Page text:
Control and Management of the Exotic Invasive Cyperus entretianus (cyperaceae) in the Coastal Prairie of Texas


Jan. 25, 2007


King, JR
Conway, W
Rosen, DJ
Whitbeck, M
Laing, J

Journal Title

Journal ISSN

Volume Title


Galveston Bay Estuary Program


Due to fragmentation and land-use changes, less than 1% of the vegetation of the coastal prairie of Texas remains in original condition. Exotic invasive plants are among the greatest threats to the integrity and function of the remaining coastal prairie ecosystem. Cyperus entrerianus Boeck. (deep-rooted sedge) is an exotic invasive plant that has rapidly spread throughout the coastal prairie of Texas during the last 20 years. It often forms homogenous stands, displaces native plant species, produces tremendous volumes of seed, and is effectively altering ecosystem function and stability within the region. Prescribed fire and herbicide treatments, which are key elements of ecosystem maintenance and restoration, are commonly used to control exotic invasive flora. To quantify effects of prescribed fire and herbicide treatments on deep-rooted sedge, 780 permanent 1 m2 plots were established within 84 treatments plots, within 14 treatment blocks among three sites in coastal Texas (i.e., The Nature Conservancy of Texas' Texas City Prairie Preserve, Attwater's Prairie Chicken National Wildlife Refuge, and Anahuac National Wildlife Refuge). Plots were established in May 2005, and percent cover data were collected four times (May/June 2005 and 2006, and December/January 2005 and 2006). Herbicide treatments were randomly applied in May 2006 and August/September 2006 to treatment plots within blocks, such that entire blocks were treated at once within the prescribed fire management program of each site. Preliminary results indicate that deep-rooted sedge cover within prescribed fire treatments decreased 48.58% in May 2005 to 18.08% in May 2006, while in non-burned plots percent cover of deep-rooted sedge remained relatively unchanged (36.13% May 2005 to 38.83% May 2006). During the same period, species diversity (Simpson's index) increased from 0.56 to 0.76 in burned plots, but was relatively unchanged (0.67 to 0.64) in non-burned plots. Species richness in burned plots increased minimally, from 11.2 in May 2005 to 12.7 in May 2006, whereas species richness declined considerably from 21.5 May 2005 to 14.5 May 2006 in non-burned plots. Plots will be read for the first time post herbicide treatment in December 2006. Although preliminary, it appears that some level of prescribed fire negatively impacts percent cover of deep-rooted sedge, although the interaction of fire and herbicide treatments will more clearly demonstrate the effectiveness of these two management strategies to control and remove deep-rooted sedge from the coastal prairie of Texas.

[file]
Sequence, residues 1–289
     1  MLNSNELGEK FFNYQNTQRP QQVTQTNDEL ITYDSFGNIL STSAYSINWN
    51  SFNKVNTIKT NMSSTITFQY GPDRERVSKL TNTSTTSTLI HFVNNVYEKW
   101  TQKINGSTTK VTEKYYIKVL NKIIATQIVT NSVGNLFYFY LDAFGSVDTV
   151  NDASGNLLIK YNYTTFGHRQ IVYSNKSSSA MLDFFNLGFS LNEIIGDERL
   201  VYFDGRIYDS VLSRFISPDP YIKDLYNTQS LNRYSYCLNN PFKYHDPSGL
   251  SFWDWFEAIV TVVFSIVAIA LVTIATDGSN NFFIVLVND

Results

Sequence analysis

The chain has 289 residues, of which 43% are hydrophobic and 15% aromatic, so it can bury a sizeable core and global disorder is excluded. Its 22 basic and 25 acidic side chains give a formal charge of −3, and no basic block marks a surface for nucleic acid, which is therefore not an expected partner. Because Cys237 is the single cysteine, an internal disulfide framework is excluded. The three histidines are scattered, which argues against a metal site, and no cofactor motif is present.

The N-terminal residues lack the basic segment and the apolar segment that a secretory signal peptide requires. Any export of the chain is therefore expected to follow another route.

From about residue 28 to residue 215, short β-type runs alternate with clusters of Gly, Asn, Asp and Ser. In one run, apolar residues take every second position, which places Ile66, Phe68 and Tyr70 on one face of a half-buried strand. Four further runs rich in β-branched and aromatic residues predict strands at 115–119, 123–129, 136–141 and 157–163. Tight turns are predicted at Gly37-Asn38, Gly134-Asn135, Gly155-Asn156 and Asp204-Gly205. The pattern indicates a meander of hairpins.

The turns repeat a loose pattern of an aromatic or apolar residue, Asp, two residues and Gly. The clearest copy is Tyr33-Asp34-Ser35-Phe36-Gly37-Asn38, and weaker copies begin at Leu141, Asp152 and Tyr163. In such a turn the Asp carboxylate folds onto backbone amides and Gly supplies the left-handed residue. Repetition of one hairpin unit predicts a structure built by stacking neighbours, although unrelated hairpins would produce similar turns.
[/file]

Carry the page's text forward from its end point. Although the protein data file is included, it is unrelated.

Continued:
Cyperus entrerianus (cyperaceae), deep-rooted sedge, ecosystem maintenance, ecosystem restoration, fire, herbicide, percent cover, species diversity, species richness